Process and Tools: Markdown

NaNoWriMo looms, but one of my tasks is to get back to posting regularly before the end of the year, insane writing frenzy or no insane writing frenzy.

So, this might be abbreviated, but it’s here.

At some point I may expound on all the reasons I don’t like word processors, but I don’t. And if I did, I still would find something to fault them for.

What I want and need is a program and writing process that I don’t have to think about, that stays the bloody hell out of my way, at least till after the writing part is done. And I think I’ve finally found it.

Just in the past month or two, I’ve begun to write in plaintext, using Markdown for formatting. There are several advantages to this, and few disadvantages, as far as I’m concerned.

First, text files are portable and open format. They’re usable and readable on any hardware, software, what have you. (Open formats are important to me, but that’s a whole other post.)

Second, you can write plaintext in anything. Word processor, text editor, whatever.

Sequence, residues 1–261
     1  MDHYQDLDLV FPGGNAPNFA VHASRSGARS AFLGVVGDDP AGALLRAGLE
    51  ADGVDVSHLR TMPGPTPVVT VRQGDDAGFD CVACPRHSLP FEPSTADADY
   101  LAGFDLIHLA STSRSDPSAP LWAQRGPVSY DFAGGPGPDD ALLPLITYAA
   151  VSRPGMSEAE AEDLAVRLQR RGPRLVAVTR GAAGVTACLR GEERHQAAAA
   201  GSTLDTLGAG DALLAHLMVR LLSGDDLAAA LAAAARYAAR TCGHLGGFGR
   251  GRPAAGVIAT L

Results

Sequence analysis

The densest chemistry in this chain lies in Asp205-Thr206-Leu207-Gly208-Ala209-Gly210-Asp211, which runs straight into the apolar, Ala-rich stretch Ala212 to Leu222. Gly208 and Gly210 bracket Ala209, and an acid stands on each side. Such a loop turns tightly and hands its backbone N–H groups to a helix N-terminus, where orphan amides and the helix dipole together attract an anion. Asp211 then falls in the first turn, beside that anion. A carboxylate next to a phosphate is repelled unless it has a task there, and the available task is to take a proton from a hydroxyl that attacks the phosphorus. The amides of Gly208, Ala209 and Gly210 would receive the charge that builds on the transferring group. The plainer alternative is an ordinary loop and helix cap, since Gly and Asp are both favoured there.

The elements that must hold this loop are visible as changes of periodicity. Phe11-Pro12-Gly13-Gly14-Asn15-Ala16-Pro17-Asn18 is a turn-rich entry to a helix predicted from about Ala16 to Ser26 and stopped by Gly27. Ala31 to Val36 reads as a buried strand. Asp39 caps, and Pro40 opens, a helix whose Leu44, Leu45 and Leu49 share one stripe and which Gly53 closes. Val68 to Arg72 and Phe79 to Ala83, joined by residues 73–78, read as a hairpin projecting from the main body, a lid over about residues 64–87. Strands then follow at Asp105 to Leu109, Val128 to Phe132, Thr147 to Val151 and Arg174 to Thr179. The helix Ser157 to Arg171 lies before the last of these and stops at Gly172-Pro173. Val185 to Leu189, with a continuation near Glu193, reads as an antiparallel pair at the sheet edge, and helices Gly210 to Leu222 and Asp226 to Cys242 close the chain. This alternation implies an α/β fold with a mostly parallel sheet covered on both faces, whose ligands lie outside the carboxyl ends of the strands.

Third, the formatting is, for the most part, simple, intuitive, and second-nature to anyone who ever composed emails in the ’90s. My stories have no need of hyperlinks or images, at least not so far, so it’s all pretty simple. _This_ or *this* will render text in italics, __doubling__ either **one** will render bold. And apart from that and paragraphing, how much more are you going to need? A bit, but Markdown covers that, too.

And fourth, it converts directly into clean HTML. Since I publish only electronically, that’s perfect. Epubs are basically made up of HTML and CSS, so converting my manuscript to publishable format is a snap.

So, tomorrow morning, I’m going to create a new text file, and begin writing The Queen of Ares, and not worry at all about formats or obsolescence or compatibility. I’m going to Just Write.